Charles “Chuck” Walker: Inspiring war hero dedicated to honouring his fallen comrades
09:56 28 June 2014
He travelled more than 150,000 miles over 17 years to pay tribute to the fallen airmen he flew with. Reporter DONNA-LOUISE BISHOP reflects on the life of Charles “Chuck” Walker – an inspiring war veteran who died this month aged 95.
The last remaining B-24 Liberator pilot to have served at a south Norfolk air base during the Second World War, has died at the age of 95.
Charles “Chuck” Walker, of Dallas, Texas, was stationed at Tibenham, near Diss, with the 445th Bomb Group of the 2nd Air Division of the United States Army Air Force (USAAF) and flew 35 missions as a pilot of the American heavy bomber plane nicknamed “Bunnie”.
Born in 1918, in Illinois, he moved to Boulder Colorado at an early age and from there he attended the University of Colorado.
But it was the surprise military strike on the US naval base Pearl Harbor, by the Imperial Japanese Navy, on December 7, 1941, which hastened Mr Walker’s entry into the USAAF and the war.
It was his childhood dream to become a pilot and he was called in for active duty at Tibenham Airfield on June 7, 1944 – the day after D-Day.
During his final visit to the site in November 2013 he recalled a mission to destroy the Henschel motor transport plant at Kassel, in Germany, on September 27, 1944.
There was a navigational error and the bombers lost their fighter aircraft protection.
Of the 35 aircraft sent up for that mission from Tibenham Airfield, only four made it back and 117 young American airmen lost their lives. By chance, Mr Walker missed flying that day as he had flown his bomber on the three preceding days and was therefore given leave.
And so, during the last 17 years of his life, Mr Walker travelled more than 150,000 miles to visit the south Norfolk base to pay tribute to loved ones who died during the Second World War.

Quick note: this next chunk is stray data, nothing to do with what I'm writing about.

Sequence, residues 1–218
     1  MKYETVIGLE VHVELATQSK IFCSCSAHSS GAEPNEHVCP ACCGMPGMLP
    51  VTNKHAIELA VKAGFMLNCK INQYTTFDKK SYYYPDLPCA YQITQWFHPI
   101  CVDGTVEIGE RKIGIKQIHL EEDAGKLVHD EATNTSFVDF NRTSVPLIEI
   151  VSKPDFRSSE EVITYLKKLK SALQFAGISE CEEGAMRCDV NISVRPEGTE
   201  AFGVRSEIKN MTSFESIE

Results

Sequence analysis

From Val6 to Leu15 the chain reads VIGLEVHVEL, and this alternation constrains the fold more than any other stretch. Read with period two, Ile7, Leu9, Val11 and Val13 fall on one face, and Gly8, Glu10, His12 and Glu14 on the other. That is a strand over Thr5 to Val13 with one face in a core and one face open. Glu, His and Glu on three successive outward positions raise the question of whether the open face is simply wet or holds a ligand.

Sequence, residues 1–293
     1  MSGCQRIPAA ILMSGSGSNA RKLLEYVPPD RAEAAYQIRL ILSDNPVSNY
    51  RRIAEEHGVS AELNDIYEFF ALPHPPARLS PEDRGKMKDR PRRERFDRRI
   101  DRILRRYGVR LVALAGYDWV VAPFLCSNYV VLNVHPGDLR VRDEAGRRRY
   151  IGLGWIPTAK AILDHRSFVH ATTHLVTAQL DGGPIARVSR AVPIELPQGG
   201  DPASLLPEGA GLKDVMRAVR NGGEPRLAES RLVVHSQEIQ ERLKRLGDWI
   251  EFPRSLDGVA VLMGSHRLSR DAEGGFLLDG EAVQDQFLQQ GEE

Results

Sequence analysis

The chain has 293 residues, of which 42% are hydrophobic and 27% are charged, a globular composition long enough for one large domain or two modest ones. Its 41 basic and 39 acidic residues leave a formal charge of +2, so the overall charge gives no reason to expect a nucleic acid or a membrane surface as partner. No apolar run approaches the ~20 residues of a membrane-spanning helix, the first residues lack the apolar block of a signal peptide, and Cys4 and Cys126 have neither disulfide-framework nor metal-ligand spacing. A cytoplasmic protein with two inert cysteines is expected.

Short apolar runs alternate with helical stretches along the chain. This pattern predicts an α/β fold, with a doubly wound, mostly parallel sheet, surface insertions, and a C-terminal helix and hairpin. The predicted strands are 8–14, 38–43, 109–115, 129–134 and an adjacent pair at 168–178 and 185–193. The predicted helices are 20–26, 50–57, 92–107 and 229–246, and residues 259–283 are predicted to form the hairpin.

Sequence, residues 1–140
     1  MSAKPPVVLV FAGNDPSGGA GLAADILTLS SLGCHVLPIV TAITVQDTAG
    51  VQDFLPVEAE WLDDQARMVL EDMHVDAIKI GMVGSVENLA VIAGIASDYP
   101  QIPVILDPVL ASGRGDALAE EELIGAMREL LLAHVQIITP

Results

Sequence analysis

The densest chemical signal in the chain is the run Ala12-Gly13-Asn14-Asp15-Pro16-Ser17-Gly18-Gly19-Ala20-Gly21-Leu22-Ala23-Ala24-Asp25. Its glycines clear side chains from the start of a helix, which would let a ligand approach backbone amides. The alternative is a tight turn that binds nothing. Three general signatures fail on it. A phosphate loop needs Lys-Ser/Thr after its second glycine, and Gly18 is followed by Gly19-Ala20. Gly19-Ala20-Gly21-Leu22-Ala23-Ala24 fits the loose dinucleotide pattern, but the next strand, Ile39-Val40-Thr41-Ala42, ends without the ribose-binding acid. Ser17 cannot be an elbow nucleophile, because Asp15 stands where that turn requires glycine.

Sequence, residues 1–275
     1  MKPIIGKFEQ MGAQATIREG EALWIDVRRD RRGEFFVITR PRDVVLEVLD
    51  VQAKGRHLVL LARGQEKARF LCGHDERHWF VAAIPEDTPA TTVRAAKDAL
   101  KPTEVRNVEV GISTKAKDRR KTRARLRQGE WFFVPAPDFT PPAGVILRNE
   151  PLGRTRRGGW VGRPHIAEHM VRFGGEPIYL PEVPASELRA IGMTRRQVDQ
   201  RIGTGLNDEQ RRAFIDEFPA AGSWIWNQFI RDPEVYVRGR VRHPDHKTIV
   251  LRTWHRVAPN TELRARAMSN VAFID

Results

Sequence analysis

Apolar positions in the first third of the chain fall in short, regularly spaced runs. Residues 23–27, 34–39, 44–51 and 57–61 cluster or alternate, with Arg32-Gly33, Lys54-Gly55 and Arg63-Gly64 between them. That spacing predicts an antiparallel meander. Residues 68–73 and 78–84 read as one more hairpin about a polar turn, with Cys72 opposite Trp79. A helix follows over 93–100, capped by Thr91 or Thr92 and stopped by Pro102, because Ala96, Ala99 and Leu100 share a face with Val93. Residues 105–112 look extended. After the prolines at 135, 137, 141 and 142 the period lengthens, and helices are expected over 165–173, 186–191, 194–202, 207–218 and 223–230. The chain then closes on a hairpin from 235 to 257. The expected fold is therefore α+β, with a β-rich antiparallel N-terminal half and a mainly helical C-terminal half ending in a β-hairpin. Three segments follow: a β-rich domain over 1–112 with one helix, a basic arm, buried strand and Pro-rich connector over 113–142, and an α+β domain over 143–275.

Matthew Martin, friend and former chairman of the 2nd Air Division Memorial Trust, paid tribute to Mr Walker.
He said: “Chuck stayed in the American armed services after the war, ultimately ending up as a Lt Col. He never forgot all those who flew with the 2nd Air Division during the war.
“He was awarded the Distinguished Flying Cross and the Croix de Guerre. Always a modest man, when his two children asked him how he won these and other medals, his reply was ‘showing up for dinner’.
“He also became a leading member of the 2nd Air Division Association – an organisation in the US with the primary purpose of supporting the 2nd Air Division Memorial Trust for the nearly 7,000 young American airmen of that division who were killed in action.”
Mr Walker served as president of the 2nd Air Division Association in 1994.
On August 1 that year he received a telephone call from the American Embassy in London to advise him that the Memorial Library in Norwich had been destroyed in a fire along with the remainder of the city’s public library.
Mr Walker was instrumental in supporting a new Memorial Library in The Forum, which today consists of a library housing books about American life and culture. The 2nd Air Division Association was closed down in Chicago in 2012 and at its peak it had a membership of over 9,000.
The association appointed one of its members to serve on the board of governors for the UK charity established in 1945 and Mr Walker was appointed. He was the last of the representative governors and served until late last year. Mr Walker died on June 16 in Dallas, Texas.
- There will be a celebration of Mr Walker’s life later in the year. Anyone interested in attending should advise the Memorial Library by calling 01603 774747 or emailing email@example.com